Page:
San Diego and north county hospitals still have extremely high COVID19 patient numbers, and Scripps Memorial – La Jolla hospital alone in mid-January 2021 has continuously had a census of over 40 patients on a ventilator and over 100 inpatients battling COVID19 pneumonia.
In providing care for patients who test positive, we have used negative pressure or effectively sealed rooms to prevent hospital spread of the virus. When entering a room with COVID positive patient, health care workers use disposable gowns, N95 respirators, and a full-face shield to minimize any risk of transmission. When we leave the hospital and come home, we are extremely careful to mask up to prevent transmission back to the community, with even further self-imposed restriction and isolation if any known exposure at work or symptoms. Many nurses have been pulled from their regular duties to help with COVID patients on hospital floors, and we have used eligible MDs to cover routine hospital patients to allow a specialized team of doctors to exclusively treat individuals with COVID19.
At this point all medical staff who desire the COVID19 vaccine have received the doses, and we are following closely to confirm that this gives effective immunity “in the field.” As with any new technology we are monitoring closely during the deployment all responses to the vaccine, and the major hospital systems will be reaching out to qualifying patients shortly to offer the vaccine in addition to county-wide administration sites.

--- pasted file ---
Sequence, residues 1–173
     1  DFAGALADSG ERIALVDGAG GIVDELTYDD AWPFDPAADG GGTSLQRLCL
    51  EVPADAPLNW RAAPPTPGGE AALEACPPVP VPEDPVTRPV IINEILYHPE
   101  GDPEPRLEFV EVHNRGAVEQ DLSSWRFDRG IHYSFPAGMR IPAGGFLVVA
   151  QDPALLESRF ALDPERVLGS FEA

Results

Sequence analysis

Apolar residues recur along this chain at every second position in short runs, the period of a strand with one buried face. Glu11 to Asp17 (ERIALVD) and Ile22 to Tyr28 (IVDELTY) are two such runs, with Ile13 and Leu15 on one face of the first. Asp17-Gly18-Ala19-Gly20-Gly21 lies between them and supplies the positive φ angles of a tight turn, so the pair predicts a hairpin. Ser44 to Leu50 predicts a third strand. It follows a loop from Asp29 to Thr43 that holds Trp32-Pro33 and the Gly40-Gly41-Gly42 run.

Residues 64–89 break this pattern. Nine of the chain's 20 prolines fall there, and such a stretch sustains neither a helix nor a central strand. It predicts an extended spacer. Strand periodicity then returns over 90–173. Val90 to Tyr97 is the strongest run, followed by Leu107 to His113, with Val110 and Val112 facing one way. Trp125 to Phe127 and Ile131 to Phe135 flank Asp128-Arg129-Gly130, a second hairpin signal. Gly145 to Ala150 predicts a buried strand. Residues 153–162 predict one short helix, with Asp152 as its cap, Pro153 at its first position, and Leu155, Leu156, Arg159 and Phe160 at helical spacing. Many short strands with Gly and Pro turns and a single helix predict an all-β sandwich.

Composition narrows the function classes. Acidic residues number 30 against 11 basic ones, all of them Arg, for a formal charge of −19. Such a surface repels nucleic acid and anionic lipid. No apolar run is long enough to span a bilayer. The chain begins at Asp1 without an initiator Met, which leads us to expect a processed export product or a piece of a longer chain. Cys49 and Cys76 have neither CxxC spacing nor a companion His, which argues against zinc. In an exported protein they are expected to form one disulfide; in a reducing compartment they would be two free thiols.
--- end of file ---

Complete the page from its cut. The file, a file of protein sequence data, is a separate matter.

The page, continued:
There is a significant and increasing amount of evidence that mask-wearing prevents the droplet mediated transmission of disease, and may also reduce inoculum size in the event of exposure, and it is most reasonable to continue to take precautions. Pandemic illness and death is higher than it ever has been, and despite great hope on the horizon, it is best to avoid illness in the interim. Avoiding crowds and mask use prevents transmission until immunity becomes widespread – these steps may be life saving.